Researchers from the University of Copenhagen, Denmark, evaluated the long-term results after subtotal colectomy with ileo-rectal anastomosis for severe slow-transit constipation, in patients with normal rectal function.
Of 273 patients with constipation referred for surgical evaluation, 18 (7%) fulfilled the authors' criteria for subtotal colectomy.
Slow-transit was confirmed by radio-opaque marker studies. Emptying of viscous fluid and normal emptying at defecography established normal rectal function.
At follow-up between 3 and 9 years, 15 patients had a bowel frequency between 2 and 6 times daily.
|High rectal volume tolerability may predict complications.
| Colorectal Disease |
One patient, who had an ileostomy because of anastomotic leak, had not wanted bowel continuity restored.
Another patient with opiate abuse became less constipated, with 2-3 bowel movements a week.
The researchers found that 1 patient was still constipated 1 year after the operation, and subsequently had an ileal pouch-anal anastomosis. This patient, who had normal rectal emptying, had very high volume tolerability. Their maximum tolerable volume was 700 ml.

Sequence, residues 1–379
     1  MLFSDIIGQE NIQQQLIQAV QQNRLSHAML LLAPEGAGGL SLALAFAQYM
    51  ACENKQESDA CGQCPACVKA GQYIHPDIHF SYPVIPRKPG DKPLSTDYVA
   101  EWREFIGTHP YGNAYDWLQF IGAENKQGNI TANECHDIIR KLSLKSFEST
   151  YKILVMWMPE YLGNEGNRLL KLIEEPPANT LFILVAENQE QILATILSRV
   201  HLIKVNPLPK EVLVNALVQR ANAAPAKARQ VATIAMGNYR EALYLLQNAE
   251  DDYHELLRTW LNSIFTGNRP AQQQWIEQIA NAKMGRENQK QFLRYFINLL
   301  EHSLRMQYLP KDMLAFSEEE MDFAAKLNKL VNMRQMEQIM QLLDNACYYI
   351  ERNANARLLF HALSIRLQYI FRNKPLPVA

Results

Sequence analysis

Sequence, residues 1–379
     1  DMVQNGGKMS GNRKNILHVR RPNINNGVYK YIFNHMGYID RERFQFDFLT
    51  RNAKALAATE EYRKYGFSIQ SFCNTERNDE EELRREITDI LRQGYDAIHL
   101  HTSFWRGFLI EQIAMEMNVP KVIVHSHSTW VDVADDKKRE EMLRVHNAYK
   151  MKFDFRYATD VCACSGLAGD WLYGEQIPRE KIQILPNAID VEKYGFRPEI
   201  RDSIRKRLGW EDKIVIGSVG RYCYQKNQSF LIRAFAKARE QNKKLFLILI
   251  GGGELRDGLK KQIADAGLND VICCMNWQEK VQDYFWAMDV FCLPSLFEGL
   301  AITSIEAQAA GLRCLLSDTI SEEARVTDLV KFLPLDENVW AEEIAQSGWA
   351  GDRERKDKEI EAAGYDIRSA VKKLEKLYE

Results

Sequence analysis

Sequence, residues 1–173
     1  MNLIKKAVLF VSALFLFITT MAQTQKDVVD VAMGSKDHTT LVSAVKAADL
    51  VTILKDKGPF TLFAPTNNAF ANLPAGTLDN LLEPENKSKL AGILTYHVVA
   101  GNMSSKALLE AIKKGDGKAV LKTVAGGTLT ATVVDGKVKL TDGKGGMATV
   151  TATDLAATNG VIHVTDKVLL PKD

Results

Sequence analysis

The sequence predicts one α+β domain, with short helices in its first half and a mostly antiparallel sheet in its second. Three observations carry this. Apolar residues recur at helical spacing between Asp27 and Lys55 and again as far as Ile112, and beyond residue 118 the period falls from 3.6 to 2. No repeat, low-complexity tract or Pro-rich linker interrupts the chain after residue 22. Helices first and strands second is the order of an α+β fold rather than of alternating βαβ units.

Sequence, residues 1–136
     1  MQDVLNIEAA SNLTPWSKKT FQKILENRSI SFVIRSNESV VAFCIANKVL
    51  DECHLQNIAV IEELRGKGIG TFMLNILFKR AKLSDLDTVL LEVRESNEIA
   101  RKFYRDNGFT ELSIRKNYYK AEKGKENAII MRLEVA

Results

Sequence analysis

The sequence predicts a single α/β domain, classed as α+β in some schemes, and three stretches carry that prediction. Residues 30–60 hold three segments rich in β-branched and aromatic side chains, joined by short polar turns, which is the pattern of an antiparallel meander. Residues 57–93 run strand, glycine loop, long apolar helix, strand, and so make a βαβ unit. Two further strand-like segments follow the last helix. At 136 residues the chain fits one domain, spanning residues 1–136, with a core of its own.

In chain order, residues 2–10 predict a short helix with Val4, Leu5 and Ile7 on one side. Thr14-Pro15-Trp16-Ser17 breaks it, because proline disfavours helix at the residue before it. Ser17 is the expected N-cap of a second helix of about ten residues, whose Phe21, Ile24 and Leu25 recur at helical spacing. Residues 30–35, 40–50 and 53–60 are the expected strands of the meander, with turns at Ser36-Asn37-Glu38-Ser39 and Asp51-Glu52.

In 4 of 7 patients, abdominal pain persisted after the operation. Of these, 3 developed diarrhea and required daily intake of loperamide.
Investigator B. H. Aldulaymi, of the Department of Surgery, D Herlev Hospital, Copenhagen, said on behalf of fellow authors, "Subtotal colectomy for severe slow-transit constipation is justified, provided anorectal function is normal.
"In spite of normal rectal emptying, very high rectal volume tolerability may be an indicator of functional megarectum and impaired rectal emptying postoperatively," it was concluded.